If anyone had asserted at Micki and Jay Doros’ wedding in 1949 that the couple would eventually become iconic figures in the world of antique glass, as well as assembling two world-class collections during their 69-year marriage, that person would have been considered meshuga. Both first-generation Americans, raised during the depths of the Great Depression and lacking any formal art background, training or education, it is practically inconceivable that my parents would become widely recognized, and admired, experts in the esoteric field of collectible glass. Yet, during 55 years of study, patience, and buying, all with unquenchable dedication, that is exactly what happened.
The relationship between Micki and Jay epitomizes the expression that “opposites attract.” Mom was born in Newark, New Jersey in 1927 and was a bit of a tomboy growing up. Named by her parents Mildred (which she always disliked and legally changed later in life), she acquired her nickname after playing baseball with boys who likened her catching style to Mickey Cochran, a then-famous player for the Detroit Tigers.
She attended Weequahic High School in Newark, a school described in detail by Philip Roth, who grew up on the same block as Micki. She graduated in 1945 and enrolled at Paine Hall, a tech school in New York City, where she trained to be a hospital lab technician. Upon graduating in 1947, she got a job in a Newark hospital where she was hazed on her first day of work. As Micki told it, a doctor asked her to draw blood from a patient and, after a few futile attempts, Mom realized that the so-called patient was actually a corpse. It was about that time when she met shy, socially awkward but handsome and exceedingly intelligent Jay Doros at a Hadassah dance in Newark.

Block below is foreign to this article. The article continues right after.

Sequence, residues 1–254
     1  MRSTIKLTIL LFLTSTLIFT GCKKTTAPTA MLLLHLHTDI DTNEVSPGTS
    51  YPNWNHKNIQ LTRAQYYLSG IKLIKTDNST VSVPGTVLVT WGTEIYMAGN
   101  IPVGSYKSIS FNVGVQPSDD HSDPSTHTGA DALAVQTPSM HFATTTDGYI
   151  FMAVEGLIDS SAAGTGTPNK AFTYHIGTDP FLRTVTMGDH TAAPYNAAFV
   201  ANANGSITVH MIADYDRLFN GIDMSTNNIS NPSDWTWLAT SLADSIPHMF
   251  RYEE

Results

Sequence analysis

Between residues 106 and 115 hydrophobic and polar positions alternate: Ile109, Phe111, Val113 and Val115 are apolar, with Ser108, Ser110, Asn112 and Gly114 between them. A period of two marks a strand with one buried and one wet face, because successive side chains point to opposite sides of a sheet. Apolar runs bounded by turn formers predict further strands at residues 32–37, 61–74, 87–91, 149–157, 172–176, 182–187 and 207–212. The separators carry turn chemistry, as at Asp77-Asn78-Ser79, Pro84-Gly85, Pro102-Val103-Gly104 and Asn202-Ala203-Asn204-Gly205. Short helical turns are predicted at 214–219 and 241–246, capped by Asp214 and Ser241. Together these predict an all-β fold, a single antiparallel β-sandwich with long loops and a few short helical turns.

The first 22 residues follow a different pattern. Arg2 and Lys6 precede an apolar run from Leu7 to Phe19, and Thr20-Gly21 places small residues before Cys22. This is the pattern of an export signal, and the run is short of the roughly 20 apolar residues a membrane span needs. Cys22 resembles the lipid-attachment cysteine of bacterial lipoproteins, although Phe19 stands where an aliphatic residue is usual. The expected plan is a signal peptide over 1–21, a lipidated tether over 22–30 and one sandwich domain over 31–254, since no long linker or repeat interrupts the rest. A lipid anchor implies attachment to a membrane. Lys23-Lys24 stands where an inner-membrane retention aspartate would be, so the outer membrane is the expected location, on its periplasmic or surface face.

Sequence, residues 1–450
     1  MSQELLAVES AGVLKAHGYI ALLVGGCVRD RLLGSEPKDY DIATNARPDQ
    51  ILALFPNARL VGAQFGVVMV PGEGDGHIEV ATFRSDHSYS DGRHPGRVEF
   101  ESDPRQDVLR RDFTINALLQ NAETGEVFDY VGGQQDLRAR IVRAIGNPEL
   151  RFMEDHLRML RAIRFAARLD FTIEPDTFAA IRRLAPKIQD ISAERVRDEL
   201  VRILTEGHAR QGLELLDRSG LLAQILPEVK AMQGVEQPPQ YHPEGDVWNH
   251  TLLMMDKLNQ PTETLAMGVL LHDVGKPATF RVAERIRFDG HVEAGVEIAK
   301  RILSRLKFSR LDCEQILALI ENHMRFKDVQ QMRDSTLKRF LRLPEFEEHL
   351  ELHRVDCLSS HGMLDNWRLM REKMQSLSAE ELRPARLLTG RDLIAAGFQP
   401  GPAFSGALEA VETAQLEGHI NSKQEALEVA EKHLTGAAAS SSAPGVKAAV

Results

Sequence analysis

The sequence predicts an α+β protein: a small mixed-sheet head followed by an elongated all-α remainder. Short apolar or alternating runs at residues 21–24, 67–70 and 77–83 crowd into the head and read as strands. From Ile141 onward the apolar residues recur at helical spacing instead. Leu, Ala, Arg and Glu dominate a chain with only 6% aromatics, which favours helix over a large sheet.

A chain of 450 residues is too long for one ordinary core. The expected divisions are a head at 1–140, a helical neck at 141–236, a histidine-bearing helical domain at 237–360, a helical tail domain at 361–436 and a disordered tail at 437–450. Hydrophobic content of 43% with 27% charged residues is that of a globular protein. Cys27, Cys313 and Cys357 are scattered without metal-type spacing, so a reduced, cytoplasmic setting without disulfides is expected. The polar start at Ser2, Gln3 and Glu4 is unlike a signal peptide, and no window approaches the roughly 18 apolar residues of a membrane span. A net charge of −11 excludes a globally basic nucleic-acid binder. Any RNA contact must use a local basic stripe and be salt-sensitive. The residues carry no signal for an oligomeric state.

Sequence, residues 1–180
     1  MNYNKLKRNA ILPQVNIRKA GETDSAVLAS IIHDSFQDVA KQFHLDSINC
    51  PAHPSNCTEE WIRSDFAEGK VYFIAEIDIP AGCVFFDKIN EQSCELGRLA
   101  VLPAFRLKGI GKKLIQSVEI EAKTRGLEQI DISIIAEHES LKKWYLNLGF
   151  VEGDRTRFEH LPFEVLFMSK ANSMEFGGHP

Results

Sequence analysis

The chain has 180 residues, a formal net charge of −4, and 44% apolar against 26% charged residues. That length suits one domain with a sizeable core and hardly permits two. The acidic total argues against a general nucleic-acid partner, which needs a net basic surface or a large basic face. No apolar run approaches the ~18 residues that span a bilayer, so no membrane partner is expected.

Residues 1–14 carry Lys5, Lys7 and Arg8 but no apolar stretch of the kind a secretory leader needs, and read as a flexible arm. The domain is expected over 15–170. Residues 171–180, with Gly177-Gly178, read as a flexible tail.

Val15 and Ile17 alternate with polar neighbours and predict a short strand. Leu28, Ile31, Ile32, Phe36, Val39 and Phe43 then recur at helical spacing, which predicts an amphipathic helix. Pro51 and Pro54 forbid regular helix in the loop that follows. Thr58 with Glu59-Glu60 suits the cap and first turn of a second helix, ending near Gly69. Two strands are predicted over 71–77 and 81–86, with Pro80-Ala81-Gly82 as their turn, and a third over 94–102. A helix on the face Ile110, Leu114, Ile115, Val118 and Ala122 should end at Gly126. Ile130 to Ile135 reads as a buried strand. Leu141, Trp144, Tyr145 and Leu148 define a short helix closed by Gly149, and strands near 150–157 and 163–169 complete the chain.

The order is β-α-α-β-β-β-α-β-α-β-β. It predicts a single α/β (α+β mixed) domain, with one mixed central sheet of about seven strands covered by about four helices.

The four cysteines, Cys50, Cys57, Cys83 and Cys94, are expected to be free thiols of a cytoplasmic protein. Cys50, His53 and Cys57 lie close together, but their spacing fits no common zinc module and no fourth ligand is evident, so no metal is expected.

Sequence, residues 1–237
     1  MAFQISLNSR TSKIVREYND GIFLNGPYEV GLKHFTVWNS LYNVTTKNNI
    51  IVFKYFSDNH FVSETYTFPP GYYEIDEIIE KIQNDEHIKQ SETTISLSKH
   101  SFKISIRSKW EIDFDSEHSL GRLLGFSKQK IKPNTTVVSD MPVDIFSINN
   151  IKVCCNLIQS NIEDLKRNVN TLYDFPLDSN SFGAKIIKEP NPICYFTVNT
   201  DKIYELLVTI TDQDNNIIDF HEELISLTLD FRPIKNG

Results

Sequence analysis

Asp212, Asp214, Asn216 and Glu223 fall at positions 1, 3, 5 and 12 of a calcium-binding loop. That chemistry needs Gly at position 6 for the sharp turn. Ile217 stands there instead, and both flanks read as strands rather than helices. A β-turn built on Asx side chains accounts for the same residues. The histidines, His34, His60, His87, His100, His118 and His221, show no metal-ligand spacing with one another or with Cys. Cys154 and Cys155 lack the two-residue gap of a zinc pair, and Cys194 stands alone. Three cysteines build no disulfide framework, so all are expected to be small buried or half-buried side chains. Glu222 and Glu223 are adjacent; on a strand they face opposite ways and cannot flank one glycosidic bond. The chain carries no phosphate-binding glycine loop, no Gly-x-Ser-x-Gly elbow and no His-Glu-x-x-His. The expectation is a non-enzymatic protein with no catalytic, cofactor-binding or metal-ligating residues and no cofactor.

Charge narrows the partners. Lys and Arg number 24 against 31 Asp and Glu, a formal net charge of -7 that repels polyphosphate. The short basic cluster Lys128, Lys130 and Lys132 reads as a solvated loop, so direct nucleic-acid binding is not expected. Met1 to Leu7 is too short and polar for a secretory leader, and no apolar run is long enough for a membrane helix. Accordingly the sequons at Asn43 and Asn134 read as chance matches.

My father was born in 1926 and raised in Bayonne, New Jersey, but his happiest days were the summers he spent in Free Acres, a 75-acre enclave in Berkeley Heights, New Jersey, founded on the principles of Henry George. The Doros home there was rather ramshackle and the family struggled during the Depression, but Jay loved Free Acres. He had numerous friends, who met daily at the spring-fed community pool that was full of frogs, and kept a pen for his collection of pet box turtles. Free Acres was also an intellectual oasis for actors, writers, communists and anarchists, with James Cagney and Thorne Smith, who wrote Topper, regularly spending summers there. Jay also recalled Paul Robeson making several visits and performing at the community’s small outdoor theater.